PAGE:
Cool, so in about 4 paragraphs we managed to finally move from ‘horrible’ enamel paints to acrylics. All done, right?! Nope. I don’t see too many arguments over enamel vs acrylic paints for painting miniatures these days. I’ll see the occasional diehard enamel painter who still thinks glossy is better. It doesn’t look right to me anymore, but to each their own. You do see a good amount of discussion over brands of acrylic paints though. Of course, the other day I happened to stumble upon a nicely painted mini, all done in oils! Just goes to show, artists who know their stuff can do wonders: https://theimperfectmodeller.wordpress.com/2018/03/30/the-good-the-bad-and-the-ugly-28mm-quigley-down-under/
[EDIT: TIM further debunked many of the myths (including my own) about Oil paints and miniatures. Great article to read about using Oils on minis!]
Craft paints – Craft paints are okay, and are definitely cheap. But (in my opinion) they are not the best as far as painting minis is concerned. The pigment is too large, which means you tend not to get as much color on the mini as you would otherwise. Name brand miniature paints are specially designed for the size and material of miniatures, so I find it best to work with those. I’ve seen some bloggers (such as H.A.W.K.S) do some nice work with Craft paints though. I use Craft paints, when I have a lot of area to paint. Works well for pieces like terrain, as it will save you a lot of money in the long run. You can find Craft paints online or at local Craft stores. Some of the brands are: Americana, Folk Art, Apple Barrel, etc.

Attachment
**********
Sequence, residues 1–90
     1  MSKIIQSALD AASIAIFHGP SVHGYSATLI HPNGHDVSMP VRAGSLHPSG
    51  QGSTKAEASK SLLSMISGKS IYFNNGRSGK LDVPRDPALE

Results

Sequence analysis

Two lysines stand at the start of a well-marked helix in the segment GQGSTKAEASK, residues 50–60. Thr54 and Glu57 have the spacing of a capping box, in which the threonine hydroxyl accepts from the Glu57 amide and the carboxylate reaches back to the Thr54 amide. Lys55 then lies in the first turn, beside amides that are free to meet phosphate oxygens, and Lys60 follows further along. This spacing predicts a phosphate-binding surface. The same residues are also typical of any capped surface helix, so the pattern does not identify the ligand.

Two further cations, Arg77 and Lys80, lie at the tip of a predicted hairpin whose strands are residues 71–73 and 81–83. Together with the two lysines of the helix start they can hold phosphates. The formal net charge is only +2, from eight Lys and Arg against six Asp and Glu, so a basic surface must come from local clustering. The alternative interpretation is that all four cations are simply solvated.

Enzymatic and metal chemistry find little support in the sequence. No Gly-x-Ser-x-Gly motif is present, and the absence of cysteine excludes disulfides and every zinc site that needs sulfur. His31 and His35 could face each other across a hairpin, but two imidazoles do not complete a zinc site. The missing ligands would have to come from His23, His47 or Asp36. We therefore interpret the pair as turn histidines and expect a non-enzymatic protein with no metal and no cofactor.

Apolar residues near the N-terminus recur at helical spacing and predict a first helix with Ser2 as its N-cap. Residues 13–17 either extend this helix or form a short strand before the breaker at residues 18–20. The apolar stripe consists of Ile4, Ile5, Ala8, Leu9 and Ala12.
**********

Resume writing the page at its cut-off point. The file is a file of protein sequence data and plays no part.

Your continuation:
Paint Exploration – when I first got into acrylic paints, I likely picked up some Citadel paints. Though it could have been Armory or Chessex or some other paint company that didn’t survive the Great Paint Crash of 1910. For the blog’s sake, we will just say Citadel. I was going from the base of ‘slap enamel paint on mini’ to something I didn’t really understand. I think I did venture into spray priming at this point. I probably didn’t clean my minis beforehand though. It’s all hard to recall. I do know that I have some old dried up Citadel paints left over in my box. So dried out, that I’ll have to toss them (despite trying to restore them with some thinner). Note, the thinner did restore a bottle of gunky Vallejo paint recently, so I do appreciate that.
I didn’t seem to get very much into painting around this time, for whatever reason. I can’t even recall painting much of anything and don’t have anything to show for it. I had a D&D Mind Flayer mini, that I probably finished, but I guess he got lost in the Great RPG Purge of 1912.